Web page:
The FBI also notes that recruitment is often accomplished by personal friends who have established bonds with the extremist group or member and may not involve a charismatic leader (). Intermediary organizations sometimes act as “conveyor belts” and “match-makers,” transforming newcomers into sympathizers, supporters and members of terrorist networks.

In other cases, traveling clerics and agitators pass through local communities to galvanize support and radicalize the faithful, indoctrinating adherents and propelling them to terrorist training camps. This was the case with radical cleric Anwar al-Awlaki shortly after the September 11 attacks. He spoke to groups across the United Kingdom and developed his lecture series, “Constants in the Path of Jihad,” while fleeing an FBI inquiry. A generic recruitment process may include these steps:

1) Attract/promote exposure to seminal ideas;

2) Invite prospects to smaller, select gatherings;

3) Develop social bond to small group;

4) Gradually introduce political/radical ideas;

5) Cultivate extremism, focusing on political/radical ideas; and

6) Allow social forces to mobilize volunteers for action.

{The rational act of terrorism}

Resorting to terrorism is a rational choice, offering a way to show that even powerful governments cannot guarantee safety and security. Leaders who use terrorism can also become legitimate politicians over time, as demonstrated by Menachem Begin, Yasser Arafat and Gerry Adams. To them, terrorism was cheaper than all-out war and killed fewer people. It also provides an opportunity to gain media access, notoriety and an opportunity to magnify the importance of marginalized individuals and causes. In this view, terrorism is “win-win” since it gains media attention regardless of whether the tactical operation is successful.

Describing terrorists as rational actors does not justify their actions or downplay their occasional delusional views of reality but clarifies that terrorism is the result of a strategic calculation to achieve specific goals and not a form of pathology.

Many terrorists view themselves as reluctant warriors, believing history will see them as peacemakers or valiant martyrs driven to violence to serve the greater good. They trust their acts will spur change, help return to some golden age or avenge a grievous wrong. Defining themselves as righteous protectors and visionaries, they feel the ends always justify the means, no matter what carnage they leave behind.

{Opportunities for radicalization: Diaspora communities}

The term “diaspora” covers ethnic migrants; first, second or even third-generation immigrants, guest workers, refugees, expatriates and students who can be thought of as playing an active role in two or more communities simultaneously. They may develop their composite identity from both their host country and their traditional ethnic or cultural roots.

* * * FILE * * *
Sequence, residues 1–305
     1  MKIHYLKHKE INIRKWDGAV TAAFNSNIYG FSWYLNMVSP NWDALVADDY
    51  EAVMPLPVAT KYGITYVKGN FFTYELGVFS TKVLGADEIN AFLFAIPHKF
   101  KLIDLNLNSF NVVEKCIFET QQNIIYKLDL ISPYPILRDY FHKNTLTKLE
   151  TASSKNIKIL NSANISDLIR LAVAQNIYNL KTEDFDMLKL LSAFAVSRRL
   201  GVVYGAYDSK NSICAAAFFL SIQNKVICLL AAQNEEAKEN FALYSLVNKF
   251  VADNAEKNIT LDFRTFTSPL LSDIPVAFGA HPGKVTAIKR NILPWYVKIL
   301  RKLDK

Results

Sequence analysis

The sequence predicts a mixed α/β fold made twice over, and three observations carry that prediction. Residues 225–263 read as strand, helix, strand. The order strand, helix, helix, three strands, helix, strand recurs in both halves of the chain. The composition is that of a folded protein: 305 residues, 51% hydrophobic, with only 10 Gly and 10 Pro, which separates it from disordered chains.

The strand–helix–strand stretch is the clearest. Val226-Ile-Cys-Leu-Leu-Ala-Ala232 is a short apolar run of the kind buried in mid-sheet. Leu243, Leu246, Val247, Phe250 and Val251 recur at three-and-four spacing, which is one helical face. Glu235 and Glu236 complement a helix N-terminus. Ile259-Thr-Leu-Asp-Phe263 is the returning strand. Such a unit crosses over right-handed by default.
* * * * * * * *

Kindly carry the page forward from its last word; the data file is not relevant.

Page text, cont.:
Diaspora communities have grown in part due to global migration patterns. An estimated 200 million people worldwide now live outside their country of birth. Today’s diasporas have access to ubiquitous telecommunications, inexpensive international travel and liberalized financial remittance systems that create “hyper-connectivity” with their home communities. This can provide an extended social support network but may also provide pathways to import foreign conflict and relieve pressure to integrate into a host country.

{Countering radicalization}

Europe has developed counter radicalization strategies at the international, national and municipal levels and has direct and indirect programs. The main emphasis has been to prevent at-risk individuals from radicalizing and to rehabilitate those who are not irreconcilable. In this regard, Europe has identified several factors that may promote radicalization such as large youth bulges during periods of high unemployment, poverty and radicalized educational institutions.

Law enforcement agencies benefit from developing closer relations with diaspora communities. They can provide valuable insights, language skills and cultural understanding to aid in analyzing data and intelligence from their countries of origin. Cultural sensitivity and understanding are important in monitoring diaspora communities with radical elements. A narrow focus on criminal investigations and blindness to continuing threats and radicalization can diminish community cooperation and turn sources into adversaries. Good relationships between law enforcement and sources in, or close to, radical movements in diaspora communities are vital to acquiring actionable information.